# Calculating Armature Torque for 250V DC Motor

• Reefy
In summary, at 1000rpm, the motor takes a current of 25 A and develops armature torque of 0.2W. At 50A load current, the armature torque is increased to 1.2W.
Reefy

## Homework Statement

A 250V shunt dc motor runs at 1000rpm while taking a current of 25 A. The motor has armature and field resistance as 0.2W and 250W respectively. Calculate

(a) The speed when the load current is 50A.

(b) Armature torque developed at both speeds.

## Homework Equations

IL = Ia + Ish

Vt = IshRsh = Ea + IaRa

Poutput = Tω = T(2πN)

## The Attempt at a Solution

I already solved part a and got N2 = 979.6 rpm

I actually just have a question of solving part B. How exactly do I compute the output without the torque and angular speed.

Is Poutput = IaRa

or Poutput = IaRa - (Iron + Friction) losses

Reefy said:
field resistance as 0.2W**Ω** and 250W**Ω**
Reefy said:
The speed when the load current is 50A.
Is it the armature current or the total current supplied by the supply?
Reefy said:
Armature torque developed at both speeds.
This means you need to find the mechanical power developed in the motor. Do you know the relation between back emf and mechanical power developed?

I don't know why it says W. It is ohms.

The load current is the current supplied by Vt.

Pinput(1) = VtIL1 = (250 V)(25 A) = 6250 A at the first speed

and it is Pinput(2) = VtIL2 = (250 V)(50 A) = 12500 A at the 2nd speed

Reefy said:
Pinput(1) = VtIL1 = (250 V)(25 A) = 6250 A at the first speed

and it is Pinput(2) = VtIL2 = (250 V)(50 A) = 12500 A at the 2nd speed
Ok.
You need to find the armature current first. You know the total current and field resistance. How would you calculate the armature current?

Ia1 = IL1 - Ish = 25A - 1A = 24A

Ia2 = IL2 - Ish = 50A - 1A = 49A

Reefy said:
Ia1 = IL1 - Ish = 25A - 1A = 24A

Ia2 = IL2 - Ish = 50A - 1A = 49A
Correct.
You can calculate back emf from this. What is the equation describing the relation between back emf and mechanical power developed? Back emf is the electrical feedback of mechanical energy developed.

cnh1995 said:
Correct.
You can calculate back emf from this. What is the equation describing the relation between back emf and mechanical power developed? Back emf is the electrical feedback of mechanical energy developed.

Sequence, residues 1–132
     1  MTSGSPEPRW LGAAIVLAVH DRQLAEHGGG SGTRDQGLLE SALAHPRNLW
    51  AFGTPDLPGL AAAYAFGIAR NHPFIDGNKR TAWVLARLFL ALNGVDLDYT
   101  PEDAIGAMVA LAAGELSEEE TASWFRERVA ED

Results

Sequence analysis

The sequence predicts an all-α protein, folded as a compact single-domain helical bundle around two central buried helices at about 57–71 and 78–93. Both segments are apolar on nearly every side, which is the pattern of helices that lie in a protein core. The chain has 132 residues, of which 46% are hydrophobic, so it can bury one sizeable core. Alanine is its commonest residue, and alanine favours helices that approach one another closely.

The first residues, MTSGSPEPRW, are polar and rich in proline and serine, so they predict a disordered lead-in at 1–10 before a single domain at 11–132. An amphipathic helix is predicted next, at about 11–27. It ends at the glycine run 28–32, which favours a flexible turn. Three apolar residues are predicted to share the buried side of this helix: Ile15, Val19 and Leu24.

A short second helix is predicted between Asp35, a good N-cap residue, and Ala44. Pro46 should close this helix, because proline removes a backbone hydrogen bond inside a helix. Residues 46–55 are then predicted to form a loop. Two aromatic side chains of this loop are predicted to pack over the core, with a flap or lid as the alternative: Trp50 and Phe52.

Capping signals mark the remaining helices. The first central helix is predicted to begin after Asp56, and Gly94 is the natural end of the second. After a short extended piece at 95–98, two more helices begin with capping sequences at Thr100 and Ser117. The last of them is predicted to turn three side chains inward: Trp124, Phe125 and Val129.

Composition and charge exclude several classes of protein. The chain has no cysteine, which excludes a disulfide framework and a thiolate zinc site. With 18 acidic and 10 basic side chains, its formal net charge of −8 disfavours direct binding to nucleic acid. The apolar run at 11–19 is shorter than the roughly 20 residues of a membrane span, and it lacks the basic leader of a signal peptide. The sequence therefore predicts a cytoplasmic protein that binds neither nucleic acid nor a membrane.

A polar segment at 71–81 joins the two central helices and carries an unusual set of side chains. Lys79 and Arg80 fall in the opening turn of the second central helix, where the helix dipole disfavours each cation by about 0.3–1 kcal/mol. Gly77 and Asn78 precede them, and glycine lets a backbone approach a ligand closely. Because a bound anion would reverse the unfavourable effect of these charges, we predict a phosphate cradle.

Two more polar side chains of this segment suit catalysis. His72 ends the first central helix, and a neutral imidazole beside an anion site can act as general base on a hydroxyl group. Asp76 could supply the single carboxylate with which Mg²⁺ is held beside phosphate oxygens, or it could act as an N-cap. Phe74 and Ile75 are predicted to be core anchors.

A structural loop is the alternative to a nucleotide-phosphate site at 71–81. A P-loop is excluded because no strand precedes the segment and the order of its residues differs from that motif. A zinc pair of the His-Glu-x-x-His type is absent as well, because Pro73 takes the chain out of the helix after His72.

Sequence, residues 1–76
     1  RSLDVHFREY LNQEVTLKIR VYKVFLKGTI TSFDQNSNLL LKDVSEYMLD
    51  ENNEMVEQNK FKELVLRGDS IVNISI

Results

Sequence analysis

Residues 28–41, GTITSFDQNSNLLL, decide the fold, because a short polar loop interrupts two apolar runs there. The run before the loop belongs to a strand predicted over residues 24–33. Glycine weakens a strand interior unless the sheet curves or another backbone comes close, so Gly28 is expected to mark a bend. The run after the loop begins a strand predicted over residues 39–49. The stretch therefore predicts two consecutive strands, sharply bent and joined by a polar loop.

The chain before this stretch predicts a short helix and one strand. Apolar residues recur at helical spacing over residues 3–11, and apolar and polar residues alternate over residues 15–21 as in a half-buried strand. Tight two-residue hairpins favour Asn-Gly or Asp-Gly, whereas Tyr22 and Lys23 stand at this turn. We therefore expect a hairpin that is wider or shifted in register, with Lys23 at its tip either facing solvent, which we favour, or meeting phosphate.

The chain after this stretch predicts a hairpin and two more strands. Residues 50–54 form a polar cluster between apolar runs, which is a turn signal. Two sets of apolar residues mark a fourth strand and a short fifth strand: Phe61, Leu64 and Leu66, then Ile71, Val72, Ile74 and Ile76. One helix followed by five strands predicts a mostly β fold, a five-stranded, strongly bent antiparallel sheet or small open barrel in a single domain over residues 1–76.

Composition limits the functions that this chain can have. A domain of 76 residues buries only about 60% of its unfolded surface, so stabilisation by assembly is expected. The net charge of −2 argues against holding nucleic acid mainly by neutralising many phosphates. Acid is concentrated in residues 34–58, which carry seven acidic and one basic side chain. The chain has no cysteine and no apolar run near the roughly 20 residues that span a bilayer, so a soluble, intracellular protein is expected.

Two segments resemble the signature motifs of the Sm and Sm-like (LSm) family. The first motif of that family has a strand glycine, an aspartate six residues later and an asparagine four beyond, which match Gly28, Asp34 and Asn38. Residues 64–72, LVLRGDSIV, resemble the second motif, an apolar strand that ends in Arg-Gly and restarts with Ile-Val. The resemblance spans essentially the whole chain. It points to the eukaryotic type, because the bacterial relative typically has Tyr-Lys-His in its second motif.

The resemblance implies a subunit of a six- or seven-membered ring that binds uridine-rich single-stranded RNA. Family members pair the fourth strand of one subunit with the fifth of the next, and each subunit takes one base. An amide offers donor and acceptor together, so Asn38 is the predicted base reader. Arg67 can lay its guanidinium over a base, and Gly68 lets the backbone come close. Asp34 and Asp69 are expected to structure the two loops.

That's what I'm unsure of. I know that Pinput - Poutput = the total losses (Copper, iron, friction).
And Copper Loss is I2aRa + I2shRsh

Reefy said:
That's what I'm unsure of. I know that Pinput - Poutput = the total losses (Copper, iron, friction).
And Copper Loss is I2aRa + I2shRsh
Those are all electrical powers. The relation between back emf and mechanical power is Pm=EbIarmature. Can you proceed from here?

Ooohh. Yeah, its the conceptual idea I don't get. I don't get why we have to use mechanical power instead of electrical

Reefy said:
Ooohh. Yeah, its the conceptual idea I don't get. I don't get why we have to use mechanical power instead of electrical
You are asked to find the torque and speed. These are associated with mechanical power. Now, how do you write mechanical power in terms of torque and speed?

cnh1995 said:
You are asked to find the torque and speed. These are associated with mechanical power. Now, how do you write mechanical power in terms of torque and speed?

T = PM/ω = EaIa/(2πN)

Reefy said:
T = PM/ω = EaIa/(2πN)
Right.

Thanks, I see the mistake I was making! It was pretty simple, I must be tired. Appreciate the help again

## 1. What is armature torque?

Armature torque is the measure of the rotational force produced by the armature of a motor. It is responsible for driving the rotation of the motor's shaft.

## 2. How is armature torque calculated for a 250V DC motor?

The formula for calculating armature torque is T = Kt * Ia, where T is the torque in Newton-meters, Kt is the torque constant of the motor, and Ia is the armature current. To calculate for a 250V DC motor, you will need to know the torque constant and armature current specifications of the specific motor model.

## 3. What factors affect armature torque for a 250V DC motor?

The main factors that affect armature torque for a 250V DC motor include the strength of the magnetic field, the number of windings in the armature, and the amount of current flowing through the armature. Additionally, the design and condition of the motor's brushes and commutator can also impact armature torque.

## 4. How does armature torque affect the performance of a 250V DC motor?

Armature torque is directly proportional to the motor's rotational speed and power output. This means that a higher armature torque will result in a faster and more powerful rotation of the motor's shaft. However, if the armature torque is too high, it can cause the motor to overheat and potentially damage its components.

## 5. How can armature torque be increased for a 250V DC motor?

There are a few ways to increase armature torque for a 250V DC motor, such as increasing the strength of the magnetic field by using stronger permanent magnets or increasing the number of windings in the armature. Additionally, using a larger armature or increasing the current flowing through the armature can also help to increase armature torque.

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